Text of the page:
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|Title:||Biocompatibility assessment of PLCL-sericin copolymer membranes using Wharton's jelly mesenchymal stem cells|
Audrey M. Bernstein
|Keywords:||Biochemistry, Genetics and Molecular Biology|
|Abstract:||© 2016 Kewalin Inthanon et al. Stem cells based tissue engineering requires biocompatible materials, which allow the cells to adhere, expand, and differentiate in a large scale. An ideal biomaterial for clinical application should be free from mammalian products which cause immune reactivities and pathogen infections. We invented a novel biodegradable poly(L-lactic-co-ε-caprolactone)-sericin (PLCL-SC) copolymer membrane which was fabricated by electrospinning. Membranes with concentrations of 2.5 or 5% (w/v) SC exhibited qualified texture characteristics with a noncytotoxic release profile. The hydrophilic properties of the membranes were 35-40% higher than those of a standard PLCL and commercial polystyrene (PS). The improved characteristics of the membranes were due to an addition of new functional amide groups, C=O, N-H, and C-N, onto their surfaces. Degradation of the membranes was controllable, depending on the content proportion of SC. Results of thermogram indicated the superior stability and crystallinity of the membranes. These membranes enhanced human Wharton's jelly mesenchymal stem cells (hWJMSC) proliferation by increasing cyclin A and also promoted cell adhesion by upregulating focal adhesion kinase (FAK). On the membranes, hWJMSC differentiated into a neuronal lineage with the occurrence of nestin. These data suggest that PLCL-SC electrospun membrane represents some properties which will be useful for tissue engineering and medical applications.|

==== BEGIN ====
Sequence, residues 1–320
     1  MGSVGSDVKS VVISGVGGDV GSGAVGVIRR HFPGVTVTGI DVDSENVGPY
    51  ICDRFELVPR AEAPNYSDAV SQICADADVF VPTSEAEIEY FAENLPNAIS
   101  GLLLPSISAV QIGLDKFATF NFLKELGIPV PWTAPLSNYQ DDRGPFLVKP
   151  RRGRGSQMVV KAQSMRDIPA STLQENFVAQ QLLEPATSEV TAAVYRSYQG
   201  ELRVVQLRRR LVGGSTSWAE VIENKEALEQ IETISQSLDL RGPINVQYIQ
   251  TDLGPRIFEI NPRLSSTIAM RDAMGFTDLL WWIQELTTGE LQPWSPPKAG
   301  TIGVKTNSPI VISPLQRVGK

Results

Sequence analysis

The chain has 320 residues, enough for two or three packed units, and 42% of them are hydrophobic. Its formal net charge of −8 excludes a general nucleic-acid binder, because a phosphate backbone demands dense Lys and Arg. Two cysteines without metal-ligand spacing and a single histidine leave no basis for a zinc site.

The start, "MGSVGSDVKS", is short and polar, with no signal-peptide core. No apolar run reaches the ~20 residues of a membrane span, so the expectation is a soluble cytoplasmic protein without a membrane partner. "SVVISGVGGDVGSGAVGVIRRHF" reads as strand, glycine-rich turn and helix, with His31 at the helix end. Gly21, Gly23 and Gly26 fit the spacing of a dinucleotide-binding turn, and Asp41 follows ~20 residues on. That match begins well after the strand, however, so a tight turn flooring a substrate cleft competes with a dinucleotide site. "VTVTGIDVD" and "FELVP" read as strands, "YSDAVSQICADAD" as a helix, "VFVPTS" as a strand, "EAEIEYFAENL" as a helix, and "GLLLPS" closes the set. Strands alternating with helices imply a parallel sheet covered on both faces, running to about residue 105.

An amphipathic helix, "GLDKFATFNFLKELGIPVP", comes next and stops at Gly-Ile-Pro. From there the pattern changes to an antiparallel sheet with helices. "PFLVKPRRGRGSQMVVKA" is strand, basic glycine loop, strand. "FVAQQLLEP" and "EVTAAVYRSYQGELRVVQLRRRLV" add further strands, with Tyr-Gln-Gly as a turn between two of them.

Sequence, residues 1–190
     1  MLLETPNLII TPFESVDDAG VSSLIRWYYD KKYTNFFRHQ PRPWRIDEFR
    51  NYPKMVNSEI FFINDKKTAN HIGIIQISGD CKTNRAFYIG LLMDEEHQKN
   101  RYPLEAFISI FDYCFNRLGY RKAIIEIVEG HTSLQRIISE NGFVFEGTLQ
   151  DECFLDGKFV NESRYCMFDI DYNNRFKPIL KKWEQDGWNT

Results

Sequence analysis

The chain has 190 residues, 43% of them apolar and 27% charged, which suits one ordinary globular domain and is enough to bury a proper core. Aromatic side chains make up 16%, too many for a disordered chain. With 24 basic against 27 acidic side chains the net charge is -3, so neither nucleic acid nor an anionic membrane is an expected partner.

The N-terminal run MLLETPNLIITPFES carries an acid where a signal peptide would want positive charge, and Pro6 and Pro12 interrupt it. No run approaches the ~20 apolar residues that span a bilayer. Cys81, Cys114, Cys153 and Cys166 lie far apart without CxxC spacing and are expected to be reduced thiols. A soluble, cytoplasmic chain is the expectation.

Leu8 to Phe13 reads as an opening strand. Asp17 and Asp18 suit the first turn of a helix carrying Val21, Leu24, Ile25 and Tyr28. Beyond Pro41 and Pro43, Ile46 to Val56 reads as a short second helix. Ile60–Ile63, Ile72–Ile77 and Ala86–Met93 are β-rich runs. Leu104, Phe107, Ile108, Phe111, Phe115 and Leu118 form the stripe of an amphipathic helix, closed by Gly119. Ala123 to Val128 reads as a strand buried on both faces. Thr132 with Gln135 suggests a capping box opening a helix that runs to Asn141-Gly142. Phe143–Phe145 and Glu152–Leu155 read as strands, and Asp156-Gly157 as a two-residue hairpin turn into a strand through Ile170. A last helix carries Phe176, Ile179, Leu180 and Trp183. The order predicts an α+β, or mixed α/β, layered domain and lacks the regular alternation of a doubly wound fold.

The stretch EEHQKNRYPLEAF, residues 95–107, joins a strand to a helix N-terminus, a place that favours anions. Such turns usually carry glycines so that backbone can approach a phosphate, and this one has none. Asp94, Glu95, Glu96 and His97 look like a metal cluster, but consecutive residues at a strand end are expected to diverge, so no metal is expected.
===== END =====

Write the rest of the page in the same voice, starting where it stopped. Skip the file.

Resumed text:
|Appears in Collections:||CMUL: Journal Articles|
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